Peak oil notes - Feb 3
Developments this week
Prices have been moving this week in response to the perceived threat to oil supplies stemming from the anti-government demonstrations in Egypt. On Monday prices completed the nearly $8 a barrel surge that began on Friday to trade at $92.84 a barrel in NY. On Tuesday prices fell a bit as oil shipments through the Suez Canal did seem to be affected by the upheavals, but edged higher to close at $90.86 on Wednesday as the demonstrations in Cairo turned violent.
Stockpiles at Cushing, Okla., which are at an all-time high of 38.3 million barrels, are keeping NY futures prices well below those in London. Last week the price difference widened to a record $11.75 a barrel and closed at $11.48 on Wednesday with Brent hitting a new 28-month high of $102.43 a barrel. Brent crude is used to price two thirds of the world’s oil supply.
The turmoil in Egypt overshadowed the weekly US stocks report which showed crude inventories increasing by 2.6 million barrels. Gasoline stocks increased by 6 million barrels due to reduced driving during the harsh winter weather. Widespread snowfalls this week are expected to reduce gasoline consumption and increase heating oil consumption for the next week or two.
With no end to the Egyptian violence in sight, political unrest spreading to Jordan and Yemen, and London oil above $100 a barrel, concerns are being expressed in many quarters, including The Wall Street Journal, as to whether the current oil prices will harm the economic recovery. So far there has been no disruption of traffic through the Suez Canal and the Egyptian army has placed guards along the parallel SUMED oil pipeline, but the situation seems to be deteriorating.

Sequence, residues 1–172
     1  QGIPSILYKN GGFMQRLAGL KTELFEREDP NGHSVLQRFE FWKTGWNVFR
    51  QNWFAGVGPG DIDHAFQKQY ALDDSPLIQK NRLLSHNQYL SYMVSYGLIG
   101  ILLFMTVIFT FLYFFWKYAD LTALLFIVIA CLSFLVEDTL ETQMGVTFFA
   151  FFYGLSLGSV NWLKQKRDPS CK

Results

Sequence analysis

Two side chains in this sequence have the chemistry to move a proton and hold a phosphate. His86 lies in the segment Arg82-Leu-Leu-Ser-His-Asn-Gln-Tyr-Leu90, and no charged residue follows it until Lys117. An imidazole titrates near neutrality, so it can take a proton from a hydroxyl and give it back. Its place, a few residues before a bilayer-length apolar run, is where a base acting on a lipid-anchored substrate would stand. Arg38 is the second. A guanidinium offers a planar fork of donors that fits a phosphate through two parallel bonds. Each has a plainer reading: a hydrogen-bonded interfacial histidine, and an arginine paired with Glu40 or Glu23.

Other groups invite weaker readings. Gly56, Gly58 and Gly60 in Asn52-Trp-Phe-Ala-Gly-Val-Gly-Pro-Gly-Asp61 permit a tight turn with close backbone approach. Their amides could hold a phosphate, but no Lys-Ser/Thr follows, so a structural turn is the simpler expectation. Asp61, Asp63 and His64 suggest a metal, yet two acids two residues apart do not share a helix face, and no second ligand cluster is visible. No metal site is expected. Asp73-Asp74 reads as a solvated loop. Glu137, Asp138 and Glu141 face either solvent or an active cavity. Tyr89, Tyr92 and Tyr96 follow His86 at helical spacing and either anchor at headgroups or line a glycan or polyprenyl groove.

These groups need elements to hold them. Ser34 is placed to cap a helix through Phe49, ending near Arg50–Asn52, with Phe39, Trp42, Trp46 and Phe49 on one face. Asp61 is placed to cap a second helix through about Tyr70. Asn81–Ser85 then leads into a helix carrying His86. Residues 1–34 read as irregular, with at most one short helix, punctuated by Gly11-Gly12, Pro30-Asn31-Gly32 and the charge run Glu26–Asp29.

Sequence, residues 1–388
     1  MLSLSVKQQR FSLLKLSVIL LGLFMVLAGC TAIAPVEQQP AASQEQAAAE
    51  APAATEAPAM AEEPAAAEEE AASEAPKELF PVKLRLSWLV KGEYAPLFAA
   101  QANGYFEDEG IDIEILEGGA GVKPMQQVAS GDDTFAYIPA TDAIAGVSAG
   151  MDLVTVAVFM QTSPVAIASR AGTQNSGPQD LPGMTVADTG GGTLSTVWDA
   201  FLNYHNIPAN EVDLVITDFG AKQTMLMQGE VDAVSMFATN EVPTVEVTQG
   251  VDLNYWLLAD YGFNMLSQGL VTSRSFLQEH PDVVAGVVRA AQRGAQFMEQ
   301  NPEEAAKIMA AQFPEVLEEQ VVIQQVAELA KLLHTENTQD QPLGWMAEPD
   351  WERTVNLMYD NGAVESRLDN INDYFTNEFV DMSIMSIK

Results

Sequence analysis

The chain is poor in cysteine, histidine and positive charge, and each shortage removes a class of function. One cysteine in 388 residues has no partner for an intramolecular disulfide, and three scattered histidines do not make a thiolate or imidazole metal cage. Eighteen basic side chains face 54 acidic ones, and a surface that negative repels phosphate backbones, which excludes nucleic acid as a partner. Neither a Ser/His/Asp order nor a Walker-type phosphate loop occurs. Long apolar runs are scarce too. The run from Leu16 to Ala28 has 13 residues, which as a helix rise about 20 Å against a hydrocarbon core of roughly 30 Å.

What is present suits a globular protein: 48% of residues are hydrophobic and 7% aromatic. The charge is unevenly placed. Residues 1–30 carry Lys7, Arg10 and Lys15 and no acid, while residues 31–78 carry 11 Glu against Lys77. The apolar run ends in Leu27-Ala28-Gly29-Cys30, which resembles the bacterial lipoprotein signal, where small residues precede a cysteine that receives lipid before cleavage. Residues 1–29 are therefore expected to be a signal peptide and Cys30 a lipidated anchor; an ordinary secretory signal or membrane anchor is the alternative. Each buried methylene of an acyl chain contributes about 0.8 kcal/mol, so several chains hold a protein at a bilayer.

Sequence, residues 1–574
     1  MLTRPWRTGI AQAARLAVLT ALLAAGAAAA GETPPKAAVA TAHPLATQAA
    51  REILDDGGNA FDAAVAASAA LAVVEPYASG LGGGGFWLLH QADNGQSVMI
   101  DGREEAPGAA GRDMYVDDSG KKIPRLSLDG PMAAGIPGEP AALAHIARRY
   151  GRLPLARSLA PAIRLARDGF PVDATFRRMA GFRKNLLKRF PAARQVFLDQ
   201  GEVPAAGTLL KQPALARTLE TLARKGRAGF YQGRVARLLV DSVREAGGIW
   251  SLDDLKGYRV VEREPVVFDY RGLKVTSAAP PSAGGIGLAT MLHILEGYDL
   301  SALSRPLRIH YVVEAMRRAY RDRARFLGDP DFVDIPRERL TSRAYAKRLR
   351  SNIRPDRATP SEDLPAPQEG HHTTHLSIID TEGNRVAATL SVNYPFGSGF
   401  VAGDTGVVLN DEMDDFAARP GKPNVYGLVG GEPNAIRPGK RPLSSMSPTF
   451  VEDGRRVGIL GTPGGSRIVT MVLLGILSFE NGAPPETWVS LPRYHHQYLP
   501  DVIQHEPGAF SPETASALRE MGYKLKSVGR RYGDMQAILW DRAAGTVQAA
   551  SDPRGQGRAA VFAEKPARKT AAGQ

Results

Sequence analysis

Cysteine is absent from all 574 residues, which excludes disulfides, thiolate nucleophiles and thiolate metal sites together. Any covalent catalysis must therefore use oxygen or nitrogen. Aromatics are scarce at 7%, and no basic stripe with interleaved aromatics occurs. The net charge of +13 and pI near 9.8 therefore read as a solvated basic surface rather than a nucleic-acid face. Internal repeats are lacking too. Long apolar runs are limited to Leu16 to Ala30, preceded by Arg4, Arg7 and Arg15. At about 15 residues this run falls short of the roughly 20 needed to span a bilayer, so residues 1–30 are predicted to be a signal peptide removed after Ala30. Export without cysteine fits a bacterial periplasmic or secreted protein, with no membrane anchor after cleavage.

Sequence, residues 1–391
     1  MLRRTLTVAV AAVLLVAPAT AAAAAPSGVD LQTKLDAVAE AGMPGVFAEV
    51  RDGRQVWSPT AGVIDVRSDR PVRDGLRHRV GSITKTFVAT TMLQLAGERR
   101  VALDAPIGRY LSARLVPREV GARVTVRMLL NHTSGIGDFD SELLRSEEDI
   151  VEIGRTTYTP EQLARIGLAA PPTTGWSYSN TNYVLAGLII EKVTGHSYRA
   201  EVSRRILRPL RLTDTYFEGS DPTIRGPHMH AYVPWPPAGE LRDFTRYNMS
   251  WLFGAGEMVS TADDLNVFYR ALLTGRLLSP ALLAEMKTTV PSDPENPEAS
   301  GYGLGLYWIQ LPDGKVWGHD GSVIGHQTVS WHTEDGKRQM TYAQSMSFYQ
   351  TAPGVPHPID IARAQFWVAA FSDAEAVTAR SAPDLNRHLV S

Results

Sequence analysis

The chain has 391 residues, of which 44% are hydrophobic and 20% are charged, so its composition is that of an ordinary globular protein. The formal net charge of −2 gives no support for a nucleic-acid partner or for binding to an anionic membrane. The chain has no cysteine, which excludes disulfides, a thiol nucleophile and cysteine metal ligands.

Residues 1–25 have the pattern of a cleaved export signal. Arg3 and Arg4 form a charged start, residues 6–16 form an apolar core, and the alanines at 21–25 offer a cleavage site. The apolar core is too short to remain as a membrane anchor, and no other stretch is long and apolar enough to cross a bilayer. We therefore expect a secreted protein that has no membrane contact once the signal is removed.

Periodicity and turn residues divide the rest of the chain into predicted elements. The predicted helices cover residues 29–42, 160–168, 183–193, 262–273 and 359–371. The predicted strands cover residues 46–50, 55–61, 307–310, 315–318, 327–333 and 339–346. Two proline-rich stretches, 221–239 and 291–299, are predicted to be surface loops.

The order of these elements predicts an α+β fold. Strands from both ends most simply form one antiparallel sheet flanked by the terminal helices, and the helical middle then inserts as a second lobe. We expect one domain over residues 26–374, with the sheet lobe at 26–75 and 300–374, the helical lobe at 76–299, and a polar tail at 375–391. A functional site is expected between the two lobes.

Organizations ranging from the IEA and IMF to OPEC have expressed concern over the damage to economic growth that could result from the political unrest. Egypt’s economy is nearly paralyzed, with banks and ports closed, food deliveries slowed, and foreigners streaming out of the country. Panic buying has cleared the shelves of retail stores. Fuel deliveries are not arriving at some gas stations. If the situation is not stabilized in the next week or so, the lack of money, food, and gasoline is likely to set off a new round of troubles.
Risks to energy supplies
The Suez Canal carries about 1.8 million b/d of crude and refined products in both directions. In 2009, the SUMED pipeline carried about 1.1 million b/d, but has considerable spare capacity, should the canal be closed as it carried 2.3 million b/d in 2007.
Egypt has large natural gas reserves and exported 646 billion cu. ft. in 2009. Seventy percent of this was in the form of LNG and the rest via pipeline to Israel, Lebanon, Jordan, and Syria. So far the gas pipeline has not been interrupted. Egypt produces about 685,000 b/d of oil, but is now consuming about 710,000 b/d.
Jordan and Egypt continue to exchange electricity via a cable under the Red Sea. Sixty percent of Jordan’s electricity is generated with natural gas mostly from Egypt. Concern is also increasing about the stability of Algeria and Libya, which together supply 15 percent of the EU’s natural gas consumption and produce about 2.8 million b/d of crude.
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